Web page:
Pain with Penetration: The Effects of Menopause on Sexual Intimacy


Images by Andrea Piacquadio from Pexel


Mood swings, hot flashes, low sexual desire – tick, tick, tick. We all know the typical symptoms of menopause, but what about some of the lesser-known challenges that come with the territory?


Quite literally putting a pause on your menstrual cycle, menopause is considered the time when a woman’s ovaries stop hormonal production and periods come to an end – typically around the age of 50.


And because that in itself isn’t enough to deal with, along with it comes a number of emotional and physical challenges… especially in the bedroom.


You may not be aware that menopausal pain and sex are closely linked. However, that doesn’t mean it has to be tolerated. In this blog, we’ll give you answers to your most pressing questions and equip you with the information you need to recognize, address, and overcome painful sex.


Why menopause could be causing you pain during sex


Your hormonal balance can be out of whack during menopause as estrogen levels fall. This is responsible for a few things, including dryness and thinning of the vaginal tissues. For this reason, you may well experience discomfort during sex and you wouldn’t be alone. Anywhere between 17-45% of postmenopausal women experience painful sex, that’s nearly half of us.


What if I don’t want penetration?


It’s perfectly ok and understandable not to want sex if it’s uncomfortable in any way. But don’t worry, you don’t have to take the vow of chastity just yet. After all, ‘outercourse’ is the new ‘intercourse’ right? You know - foreplay, or any form of sexual arousal that excludes penetration.


As we know, sexual intimacy is so much more than intercourse. Think of it as the perfect opportunity to reconnect with your partner and find sexual stimulation through non-penetrative sex – it’s what sex toys and erotic materials were invented for.


I’m not interested in sex anymore because of how painful it is


Sexual intimacy is an important part of a loving relationship, so opening up about painful sex is something you should feel comfortable talking about with your partner. This is not something to feel ashamed or embarrassed about. It’s part of your body’s natural evolution - and trust us, men like women will be going through their own journey too. Menopause is natural - but it doesn’t have to be a barrier to pleasure.



Image by Cottonbro on Pexels


Is there a way I can get over my fear and have better sex?


The simple answer is yes. Menopause is a natural process and not a libido life sentence. You can and will have good sex again, and you can still enjoy sexual arousal and orgasm after menopause.


If you’re looking for solutions, we’ve got them right here:


o Get the Lover App

A modern-day problem needs a modern-day solution, that's where the Lover app comes in. A discreet and informative app, created by medical professionals with input from a sex therapist to coach you through sexual intimacy. Menopausal pain and sex are the big topics covered, to the extent that Lover has designed a tailored course of exercises in partnership with doctors, which are 91% effective in helping women orgasm more easily. Best of all, it’s a highly desirable pill-free solution that you can access from the privacy of your bedroom. If you want to feel more connected to your body, this is one of the best ways to achieve it.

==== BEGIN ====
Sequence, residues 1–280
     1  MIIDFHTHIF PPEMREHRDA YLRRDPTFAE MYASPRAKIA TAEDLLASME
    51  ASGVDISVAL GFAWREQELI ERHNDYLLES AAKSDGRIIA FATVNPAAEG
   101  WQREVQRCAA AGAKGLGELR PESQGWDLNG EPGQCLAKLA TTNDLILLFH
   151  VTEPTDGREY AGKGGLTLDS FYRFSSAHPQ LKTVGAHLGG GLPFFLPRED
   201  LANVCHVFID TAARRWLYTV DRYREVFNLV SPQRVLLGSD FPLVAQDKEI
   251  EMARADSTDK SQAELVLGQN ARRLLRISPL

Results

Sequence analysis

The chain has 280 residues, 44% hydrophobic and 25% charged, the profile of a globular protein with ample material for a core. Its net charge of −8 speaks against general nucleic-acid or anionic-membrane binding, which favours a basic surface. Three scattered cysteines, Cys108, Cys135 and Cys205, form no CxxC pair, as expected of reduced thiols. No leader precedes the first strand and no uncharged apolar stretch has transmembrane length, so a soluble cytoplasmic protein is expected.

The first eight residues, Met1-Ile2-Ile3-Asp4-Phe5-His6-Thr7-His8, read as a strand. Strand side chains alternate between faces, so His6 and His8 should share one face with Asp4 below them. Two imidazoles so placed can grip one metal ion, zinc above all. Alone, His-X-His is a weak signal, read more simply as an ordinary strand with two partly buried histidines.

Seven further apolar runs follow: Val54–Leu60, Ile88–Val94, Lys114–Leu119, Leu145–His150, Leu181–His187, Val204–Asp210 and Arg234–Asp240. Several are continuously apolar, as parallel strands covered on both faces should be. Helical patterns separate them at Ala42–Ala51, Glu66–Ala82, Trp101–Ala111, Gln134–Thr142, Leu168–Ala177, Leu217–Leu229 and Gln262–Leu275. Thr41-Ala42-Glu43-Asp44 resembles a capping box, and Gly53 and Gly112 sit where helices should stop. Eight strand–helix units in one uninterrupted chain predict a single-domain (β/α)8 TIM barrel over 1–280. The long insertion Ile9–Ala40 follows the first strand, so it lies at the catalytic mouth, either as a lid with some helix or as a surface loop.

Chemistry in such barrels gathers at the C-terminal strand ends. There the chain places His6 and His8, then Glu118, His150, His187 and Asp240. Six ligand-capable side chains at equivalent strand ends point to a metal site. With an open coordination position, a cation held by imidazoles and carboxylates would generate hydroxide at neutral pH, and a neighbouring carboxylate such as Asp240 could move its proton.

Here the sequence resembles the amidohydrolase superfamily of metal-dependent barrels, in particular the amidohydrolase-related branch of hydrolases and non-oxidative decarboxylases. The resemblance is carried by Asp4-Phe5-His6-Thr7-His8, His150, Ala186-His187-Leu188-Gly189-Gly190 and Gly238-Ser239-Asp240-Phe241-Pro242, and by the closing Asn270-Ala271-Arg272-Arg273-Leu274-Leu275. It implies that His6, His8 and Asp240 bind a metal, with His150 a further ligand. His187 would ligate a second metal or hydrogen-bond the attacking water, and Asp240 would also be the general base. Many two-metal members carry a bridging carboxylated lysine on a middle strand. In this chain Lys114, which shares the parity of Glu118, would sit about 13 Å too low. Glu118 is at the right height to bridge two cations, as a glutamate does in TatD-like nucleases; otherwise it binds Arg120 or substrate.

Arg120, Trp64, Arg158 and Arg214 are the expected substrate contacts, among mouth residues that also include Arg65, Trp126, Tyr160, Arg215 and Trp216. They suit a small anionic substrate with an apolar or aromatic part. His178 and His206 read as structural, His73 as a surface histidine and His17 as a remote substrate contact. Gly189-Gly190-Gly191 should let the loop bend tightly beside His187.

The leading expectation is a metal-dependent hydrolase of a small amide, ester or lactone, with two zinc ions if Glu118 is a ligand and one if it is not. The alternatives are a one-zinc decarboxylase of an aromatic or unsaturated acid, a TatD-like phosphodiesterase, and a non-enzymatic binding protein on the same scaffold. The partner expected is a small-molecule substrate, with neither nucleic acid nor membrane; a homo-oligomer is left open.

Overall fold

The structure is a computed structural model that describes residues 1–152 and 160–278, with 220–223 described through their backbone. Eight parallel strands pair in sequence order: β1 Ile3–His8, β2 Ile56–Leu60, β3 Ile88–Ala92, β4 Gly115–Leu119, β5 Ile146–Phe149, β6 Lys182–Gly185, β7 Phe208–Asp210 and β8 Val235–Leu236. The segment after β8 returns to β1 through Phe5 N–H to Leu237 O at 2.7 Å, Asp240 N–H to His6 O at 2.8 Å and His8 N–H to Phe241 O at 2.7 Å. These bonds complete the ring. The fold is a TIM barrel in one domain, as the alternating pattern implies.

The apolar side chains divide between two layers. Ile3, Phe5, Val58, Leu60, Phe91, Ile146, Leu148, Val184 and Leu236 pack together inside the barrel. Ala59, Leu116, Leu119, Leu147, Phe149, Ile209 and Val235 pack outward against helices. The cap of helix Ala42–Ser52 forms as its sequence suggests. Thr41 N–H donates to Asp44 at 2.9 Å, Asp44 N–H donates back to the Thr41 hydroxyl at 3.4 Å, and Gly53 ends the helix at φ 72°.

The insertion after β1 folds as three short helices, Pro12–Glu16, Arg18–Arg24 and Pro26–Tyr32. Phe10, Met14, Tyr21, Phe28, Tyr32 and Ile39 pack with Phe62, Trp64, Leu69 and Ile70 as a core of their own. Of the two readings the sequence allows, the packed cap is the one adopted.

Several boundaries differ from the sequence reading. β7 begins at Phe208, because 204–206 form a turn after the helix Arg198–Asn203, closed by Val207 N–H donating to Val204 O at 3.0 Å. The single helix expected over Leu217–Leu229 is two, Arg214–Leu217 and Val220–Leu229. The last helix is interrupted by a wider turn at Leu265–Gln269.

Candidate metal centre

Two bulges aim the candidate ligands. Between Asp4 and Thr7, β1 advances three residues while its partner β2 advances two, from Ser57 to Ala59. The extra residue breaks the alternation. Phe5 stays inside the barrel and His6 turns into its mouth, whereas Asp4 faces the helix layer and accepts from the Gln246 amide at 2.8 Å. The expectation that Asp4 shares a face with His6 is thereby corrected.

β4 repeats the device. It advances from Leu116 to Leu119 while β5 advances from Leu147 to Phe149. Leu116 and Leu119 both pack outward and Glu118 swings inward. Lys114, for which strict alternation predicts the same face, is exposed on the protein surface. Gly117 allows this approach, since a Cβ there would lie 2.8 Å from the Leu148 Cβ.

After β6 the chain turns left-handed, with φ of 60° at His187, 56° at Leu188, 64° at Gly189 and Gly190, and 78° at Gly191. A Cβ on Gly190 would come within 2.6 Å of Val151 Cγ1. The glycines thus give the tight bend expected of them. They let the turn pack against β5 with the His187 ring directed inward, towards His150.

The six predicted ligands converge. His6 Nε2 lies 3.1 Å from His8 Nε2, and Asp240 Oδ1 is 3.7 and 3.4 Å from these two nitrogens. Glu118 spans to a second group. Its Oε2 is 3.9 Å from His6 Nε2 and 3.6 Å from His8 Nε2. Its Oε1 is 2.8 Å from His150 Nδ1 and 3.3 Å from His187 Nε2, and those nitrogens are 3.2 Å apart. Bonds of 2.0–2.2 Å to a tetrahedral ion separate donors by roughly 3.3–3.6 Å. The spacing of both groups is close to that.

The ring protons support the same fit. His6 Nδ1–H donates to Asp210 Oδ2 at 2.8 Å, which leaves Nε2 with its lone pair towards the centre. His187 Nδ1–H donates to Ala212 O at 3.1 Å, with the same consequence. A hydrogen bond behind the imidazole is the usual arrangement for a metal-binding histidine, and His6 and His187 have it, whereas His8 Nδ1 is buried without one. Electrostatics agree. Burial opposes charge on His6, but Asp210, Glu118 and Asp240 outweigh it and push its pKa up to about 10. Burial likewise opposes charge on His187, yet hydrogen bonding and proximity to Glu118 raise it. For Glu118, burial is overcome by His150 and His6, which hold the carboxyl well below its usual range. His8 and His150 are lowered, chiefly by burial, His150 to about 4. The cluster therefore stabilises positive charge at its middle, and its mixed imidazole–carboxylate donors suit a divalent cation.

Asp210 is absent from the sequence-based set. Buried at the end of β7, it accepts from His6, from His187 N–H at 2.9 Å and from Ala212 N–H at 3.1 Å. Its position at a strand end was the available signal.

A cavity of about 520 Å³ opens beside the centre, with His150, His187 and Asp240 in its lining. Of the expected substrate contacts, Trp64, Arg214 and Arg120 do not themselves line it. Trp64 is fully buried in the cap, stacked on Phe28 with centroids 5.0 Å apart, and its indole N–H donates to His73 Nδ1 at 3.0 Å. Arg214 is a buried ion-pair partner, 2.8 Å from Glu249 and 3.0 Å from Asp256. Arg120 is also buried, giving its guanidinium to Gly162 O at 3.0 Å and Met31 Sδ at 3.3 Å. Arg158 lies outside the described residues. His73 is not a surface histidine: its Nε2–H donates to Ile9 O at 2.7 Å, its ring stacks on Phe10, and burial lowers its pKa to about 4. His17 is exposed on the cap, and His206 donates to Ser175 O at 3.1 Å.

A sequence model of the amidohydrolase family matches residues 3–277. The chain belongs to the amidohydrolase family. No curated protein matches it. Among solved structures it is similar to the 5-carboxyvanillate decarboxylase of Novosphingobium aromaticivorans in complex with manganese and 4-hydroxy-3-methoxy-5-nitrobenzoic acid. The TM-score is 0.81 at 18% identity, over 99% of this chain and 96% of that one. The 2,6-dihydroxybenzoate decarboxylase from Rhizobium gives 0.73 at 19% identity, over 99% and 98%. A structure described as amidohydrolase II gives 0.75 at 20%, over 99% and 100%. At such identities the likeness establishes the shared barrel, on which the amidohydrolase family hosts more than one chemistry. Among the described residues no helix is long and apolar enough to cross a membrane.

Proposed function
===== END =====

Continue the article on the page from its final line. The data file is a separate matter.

o Engage in more sex

It’s time to get back in the saddle because having more sex can help preserve the health of your sexual organs. That’s because sexual arousal leads to improved blood flow, which in turn can help prevent that old friend ‘dryness’ from rearing its unwanted head. And if full penetration doesn’t appeal, try self-pleasure for some sexual stimulation.


o Lube up

One of the simplest treatments for painful sex is using sexual lubricant. This can ease the dryness and help you keep things steamy in the sack. You might even want to try a vaginal moisturizer for long-term benefit. Talk to your medical caregiver before using any medical treatment.


o It’s all in the foreplay

We get it, after years of marriage, the lure of foreplay can’t begin to compete with our bust lives, smartphones, and other distractions. But maybe this is the moment to take foreplay back. You heard us! The more time you focus on sexual arousal, the wetter you get in preparation for penetration. All in all, it has its benefits.


o Sex toys

Sex toys are great for many reasons, but the top reason is getting the pleasure you want and avoiding discomfort. Remember, sex toys are not just for millennials. In fact, you’ll be surprised to learn that the biggest market for sex toys is 45 to 54-year-olds. Is it any coincidence that it’s prime menopausal age too?


Sex toys are essential for pleasure. Use them for internal or external stimulation, for spicing things up, for self-pleasure, or for a change of sexual scenery. Not only can it increase sexual arousal, but this may help to decrease pain and discomfort during sex, as you reawaken your body to life’s greatest pleasure.


o And breathe

Pain during intercourse is the biggest buzzkill that no one wants. The psychological hangover that comes with it can make you feel anxious about sexual intimacy. But this fear can quite literally make you clench up, as your muscles tighten and you soon find yourself with a low libido or low desire. Trying out deep breathing exercises, meditation, practicing mindfulness, and guided coaching can help you get back into a good place. Be kind to yourself, this too will pass.


To find out more about the Lover and how it can help your overall sex life and relationship issues, download the Lover app today.



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